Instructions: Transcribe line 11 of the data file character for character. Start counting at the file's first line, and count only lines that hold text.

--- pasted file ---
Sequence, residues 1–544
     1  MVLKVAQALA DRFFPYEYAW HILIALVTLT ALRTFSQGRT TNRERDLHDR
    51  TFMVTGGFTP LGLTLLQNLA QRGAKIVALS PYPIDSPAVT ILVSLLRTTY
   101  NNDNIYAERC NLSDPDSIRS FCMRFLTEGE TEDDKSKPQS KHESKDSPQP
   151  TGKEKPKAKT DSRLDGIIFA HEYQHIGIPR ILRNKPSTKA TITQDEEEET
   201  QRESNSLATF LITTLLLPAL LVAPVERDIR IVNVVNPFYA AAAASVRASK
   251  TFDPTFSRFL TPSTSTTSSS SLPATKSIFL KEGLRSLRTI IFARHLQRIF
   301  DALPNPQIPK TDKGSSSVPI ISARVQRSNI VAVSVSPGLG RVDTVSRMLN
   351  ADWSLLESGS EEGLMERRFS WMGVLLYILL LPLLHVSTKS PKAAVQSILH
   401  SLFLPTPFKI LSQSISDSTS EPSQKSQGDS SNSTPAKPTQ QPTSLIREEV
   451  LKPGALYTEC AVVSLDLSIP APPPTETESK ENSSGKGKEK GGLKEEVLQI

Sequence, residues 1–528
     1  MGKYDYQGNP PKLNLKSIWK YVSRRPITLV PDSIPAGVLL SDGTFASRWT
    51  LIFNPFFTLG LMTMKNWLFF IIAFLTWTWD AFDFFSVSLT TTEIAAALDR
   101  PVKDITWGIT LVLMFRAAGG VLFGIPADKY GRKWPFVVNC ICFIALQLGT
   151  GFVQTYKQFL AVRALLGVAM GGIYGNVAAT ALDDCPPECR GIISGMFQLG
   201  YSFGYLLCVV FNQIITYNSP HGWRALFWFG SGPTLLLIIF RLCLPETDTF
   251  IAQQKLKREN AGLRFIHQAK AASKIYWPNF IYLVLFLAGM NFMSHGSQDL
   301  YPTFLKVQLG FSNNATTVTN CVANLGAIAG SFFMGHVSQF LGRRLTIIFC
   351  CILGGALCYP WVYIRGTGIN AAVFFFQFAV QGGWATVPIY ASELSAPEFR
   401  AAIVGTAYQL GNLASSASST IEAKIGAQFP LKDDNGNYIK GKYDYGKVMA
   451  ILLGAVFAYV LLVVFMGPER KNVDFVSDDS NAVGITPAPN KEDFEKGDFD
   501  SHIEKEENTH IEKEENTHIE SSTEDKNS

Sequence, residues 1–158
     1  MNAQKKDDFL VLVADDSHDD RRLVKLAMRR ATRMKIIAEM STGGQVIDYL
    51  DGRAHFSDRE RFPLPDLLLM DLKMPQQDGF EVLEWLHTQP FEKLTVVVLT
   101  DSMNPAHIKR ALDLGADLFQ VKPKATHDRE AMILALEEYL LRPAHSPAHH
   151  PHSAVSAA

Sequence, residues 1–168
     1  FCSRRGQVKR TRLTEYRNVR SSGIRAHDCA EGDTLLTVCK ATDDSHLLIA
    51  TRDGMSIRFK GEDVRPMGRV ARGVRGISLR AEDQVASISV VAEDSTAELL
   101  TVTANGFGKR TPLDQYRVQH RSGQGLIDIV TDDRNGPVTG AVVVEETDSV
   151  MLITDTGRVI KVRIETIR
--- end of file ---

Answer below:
   451  LKPGALYTEC AVVSLDLSIP APPPTETESK ENSSGKGKEK GGLKEEVLQI